LAUNCH Food has seen an unprecedented number of collaborations between innovators in this cohort. Here are just a few of the collaborative projects in the works:
Biofilta has installed their Foodwall vertical gardening system at the George Institute, where innovator Bruce Neal (FoodSwitch) is deputy executive director. Bruce introduced Biofilta’s Marc Noyce to colleagues at the Institute, and, Marc says, Bruce’s colleagues quickly came to the conclusion that their office should have a Foodwall just from hearing about it. “It was probably the easiest sale I’ll ever come across,” Marc laughs.
For Bruce, the Foodwall provides a tangible (and delicious) way for the George Institute’s employees to engage with the organization’s healthy eating policies. “It’s all very well having a [nutrition] policy,” Bruce says, “but how do you make that policy real for people?” The answer lies among the kale, lettuce, peppers, and herbs growing in the garden beds on the Institute's rooftop. A couple dozen Institute employees volunteered to maintain the garden on a rotating schedule. Soon, some of that produce will be incorporated into the meals they have catered for Institute functions on a weekly basis. For now, much of it ends up in common spaces for employees to take home for free. And this small operation will be scaling up shortly: the Institute has ordered three more Foodwall units for the rooftop. “It’s fun, you know,” Bruce says. “And it makes it real for people. They can see green stuff growing where before it was just a big empty concrete space.”
Entomo Farms and Coffee Flour continue to collaborate on LAUNCH’s first working group along with three other ingredients companies from inside and outside of LAUNCH. The five companies, from three continents, are engaged in non-competitive work to share experiences and best practices. So far, the working group has resulted in shared research, contacts and documentation, and opportunities. Members are exploring the potential to bundle their products for retailers, and/or to combine their products for sale.
HarvestPlus has been in discussion with Telenor Mobile Agriculture to potentially harness Telenor’s network of farmers. Telenor’s Prosperous Farmer (Khush’haal Zamindar) innovation is a mobile advisory service tailored to the needs of rural farmers in Pakistan. Farmers receive a daily call with information about local weather conditions, livestock advice, and more. They then have the option to dial in to the service for more specific information. As more farmers start to use the service, Telenor’s Habib Saqib says, the team is hoping to integrate more nutrition advisories and advertising from mission-aligned companies. In particular, HarvestPlus is interested in harnessing Telenor’s platform– which recently reached its four-millionth farmer– to raise awareness of its biofortified high-zinc wheat.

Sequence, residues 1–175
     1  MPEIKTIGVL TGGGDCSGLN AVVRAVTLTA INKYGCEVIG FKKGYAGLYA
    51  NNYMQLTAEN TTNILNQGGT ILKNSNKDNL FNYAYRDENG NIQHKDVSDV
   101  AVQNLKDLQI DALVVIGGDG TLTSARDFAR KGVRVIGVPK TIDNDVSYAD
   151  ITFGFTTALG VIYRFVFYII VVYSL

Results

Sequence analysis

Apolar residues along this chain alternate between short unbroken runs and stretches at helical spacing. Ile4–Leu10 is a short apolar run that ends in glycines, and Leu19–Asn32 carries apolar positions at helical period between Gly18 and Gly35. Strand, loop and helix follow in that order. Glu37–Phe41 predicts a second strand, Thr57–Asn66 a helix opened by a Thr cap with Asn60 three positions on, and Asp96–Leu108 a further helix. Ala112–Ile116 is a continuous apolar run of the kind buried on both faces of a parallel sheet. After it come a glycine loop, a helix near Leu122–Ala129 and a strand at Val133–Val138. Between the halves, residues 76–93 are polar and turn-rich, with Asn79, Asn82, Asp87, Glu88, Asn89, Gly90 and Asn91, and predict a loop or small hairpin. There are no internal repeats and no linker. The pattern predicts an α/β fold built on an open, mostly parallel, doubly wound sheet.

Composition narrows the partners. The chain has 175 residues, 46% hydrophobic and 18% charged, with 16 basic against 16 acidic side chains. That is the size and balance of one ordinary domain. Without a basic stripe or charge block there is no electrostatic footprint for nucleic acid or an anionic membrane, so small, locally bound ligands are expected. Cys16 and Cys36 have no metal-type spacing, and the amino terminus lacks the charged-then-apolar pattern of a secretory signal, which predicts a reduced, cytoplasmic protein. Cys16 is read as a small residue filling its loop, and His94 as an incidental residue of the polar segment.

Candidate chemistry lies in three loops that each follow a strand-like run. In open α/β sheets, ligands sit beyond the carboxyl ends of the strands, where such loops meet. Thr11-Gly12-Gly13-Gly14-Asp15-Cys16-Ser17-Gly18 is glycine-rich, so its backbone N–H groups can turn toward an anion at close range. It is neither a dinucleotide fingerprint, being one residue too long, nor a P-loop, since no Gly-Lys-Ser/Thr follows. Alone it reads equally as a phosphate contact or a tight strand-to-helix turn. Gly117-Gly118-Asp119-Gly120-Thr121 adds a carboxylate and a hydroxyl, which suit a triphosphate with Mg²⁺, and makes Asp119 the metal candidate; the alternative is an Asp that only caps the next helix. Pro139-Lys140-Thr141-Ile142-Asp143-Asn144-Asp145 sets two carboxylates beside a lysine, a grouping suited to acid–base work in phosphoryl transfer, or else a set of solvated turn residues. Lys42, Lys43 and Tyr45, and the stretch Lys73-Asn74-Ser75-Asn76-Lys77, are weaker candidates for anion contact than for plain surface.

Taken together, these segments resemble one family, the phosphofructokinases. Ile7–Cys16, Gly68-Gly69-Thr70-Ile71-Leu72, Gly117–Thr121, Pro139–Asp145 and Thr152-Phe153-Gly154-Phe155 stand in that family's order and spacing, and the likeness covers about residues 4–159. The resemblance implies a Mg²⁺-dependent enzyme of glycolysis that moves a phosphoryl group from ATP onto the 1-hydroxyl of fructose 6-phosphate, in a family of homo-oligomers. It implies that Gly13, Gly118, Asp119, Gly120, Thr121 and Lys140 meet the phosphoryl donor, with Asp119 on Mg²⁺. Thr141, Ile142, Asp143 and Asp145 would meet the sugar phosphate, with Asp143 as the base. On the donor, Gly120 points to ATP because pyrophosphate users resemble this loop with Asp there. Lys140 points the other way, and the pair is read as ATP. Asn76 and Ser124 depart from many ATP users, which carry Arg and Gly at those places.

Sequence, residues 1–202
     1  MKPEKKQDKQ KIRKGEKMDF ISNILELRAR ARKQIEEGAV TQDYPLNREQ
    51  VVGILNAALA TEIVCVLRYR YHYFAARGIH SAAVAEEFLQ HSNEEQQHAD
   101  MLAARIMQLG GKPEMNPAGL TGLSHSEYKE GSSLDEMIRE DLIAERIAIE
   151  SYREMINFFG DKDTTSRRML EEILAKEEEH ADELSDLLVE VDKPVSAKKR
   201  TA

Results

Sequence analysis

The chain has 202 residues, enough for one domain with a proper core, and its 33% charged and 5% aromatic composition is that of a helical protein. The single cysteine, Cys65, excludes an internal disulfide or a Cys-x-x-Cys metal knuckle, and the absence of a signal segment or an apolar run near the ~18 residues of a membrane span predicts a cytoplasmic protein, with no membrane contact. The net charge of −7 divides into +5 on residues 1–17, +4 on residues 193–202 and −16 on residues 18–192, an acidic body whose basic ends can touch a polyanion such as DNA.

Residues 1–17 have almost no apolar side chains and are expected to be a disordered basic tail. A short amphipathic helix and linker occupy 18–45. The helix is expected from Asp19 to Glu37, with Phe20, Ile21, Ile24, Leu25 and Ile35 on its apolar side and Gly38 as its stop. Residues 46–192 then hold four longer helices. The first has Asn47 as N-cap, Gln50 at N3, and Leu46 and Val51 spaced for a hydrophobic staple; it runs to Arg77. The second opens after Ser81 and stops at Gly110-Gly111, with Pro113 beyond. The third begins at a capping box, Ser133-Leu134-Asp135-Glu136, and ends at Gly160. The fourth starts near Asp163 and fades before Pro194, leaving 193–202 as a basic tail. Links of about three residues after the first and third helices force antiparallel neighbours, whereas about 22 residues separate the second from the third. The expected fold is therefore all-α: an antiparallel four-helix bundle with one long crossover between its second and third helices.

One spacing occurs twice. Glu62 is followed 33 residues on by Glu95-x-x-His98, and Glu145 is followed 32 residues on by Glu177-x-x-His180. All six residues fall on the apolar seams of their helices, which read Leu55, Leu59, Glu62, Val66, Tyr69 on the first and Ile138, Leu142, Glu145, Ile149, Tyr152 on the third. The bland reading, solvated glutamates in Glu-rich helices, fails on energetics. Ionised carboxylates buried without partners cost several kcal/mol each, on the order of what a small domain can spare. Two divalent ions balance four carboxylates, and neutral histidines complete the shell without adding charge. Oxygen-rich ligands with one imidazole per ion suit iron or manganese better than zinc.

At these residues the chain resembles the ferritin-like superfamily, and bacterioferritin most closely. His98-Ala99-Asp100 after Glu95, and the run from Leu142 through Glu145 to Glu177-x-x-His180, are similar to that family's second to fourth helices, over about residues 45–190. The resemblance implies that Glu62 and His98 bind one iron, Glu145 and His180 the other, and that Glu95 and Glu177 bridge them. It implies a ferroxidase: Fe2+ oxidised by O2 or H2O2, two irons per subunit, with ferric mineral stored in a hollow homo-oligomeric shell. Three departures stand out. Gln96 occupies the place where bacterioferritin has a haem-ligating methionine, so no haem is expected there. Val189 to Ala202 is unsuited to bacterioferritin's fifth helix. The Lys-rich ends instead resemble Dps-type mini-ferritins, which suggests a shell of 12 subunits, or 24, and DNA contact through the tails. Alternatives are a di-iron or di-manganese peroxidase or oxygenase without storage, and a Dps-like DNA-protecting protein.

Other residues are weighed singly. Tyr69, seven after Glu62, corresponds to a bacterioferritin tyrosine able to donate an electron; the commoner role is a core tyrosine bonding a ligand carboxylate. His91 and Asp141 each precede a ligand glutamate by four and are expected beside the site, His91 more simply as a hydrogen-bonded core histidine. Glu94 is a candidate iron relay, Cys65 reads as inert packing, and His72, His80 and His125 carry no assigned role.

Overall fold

Habib acknowledges that this will be a shift from the kind of messaging farmers are used to. “A lot of focus here is on growing maximum yield,” he says. “[There hasn’t] been a lot of awareness about how fortified seeds can have an impact.” However, based on feedback from the LAUNCH Food Forum, the Telenor team has started thinking of their service as a content hosting platform. This new framing opens new opportunities for collaboration with stakeholders like HarvestPlus and beyond.
Salah Sukkarieh of the University of Sydney has been discussing using his Digital Farmhand robotic agriculture technology in Biofilta’s school garden projects. Biofilta has been introducing their Foodwall technology to schools around Melbourne since 2016. While the Foodwall systems are a valuable way for young children to learn about where food comes from, Biofilta’s Marc Noyce acknowledges that “the humble community garden isn’t particularly attractive.” Adding Salah’s robotic technology, Marc says, “is a segue into schools that we’ve never thought of.”
“We’re looking for schools to grow great food for their communities in a cost effective way,” Marc says, “and [we’re also] able to offer the next phase– to work with robotics to get kids involved in technology and urban agriculture.”
Salah and his team have been striving to make the Digital Farmhand technology as modular as possible so that it can be integrated into a variety of different projects as opportunities arise. The Biofilta opportunity, Salah says, “shows the power of that modularity. The fact that there’s a whole new type of growing platform and we can fit ourselves into that.”
For Marc, learning about Salah’s work helped him realize that robotics would be a valuable space for Biofilta to plug into. “I don’t think we’d have [realized that] anywhere as quick [if we] hadn’t been in this program with like-minded people in complementary industries,” he says.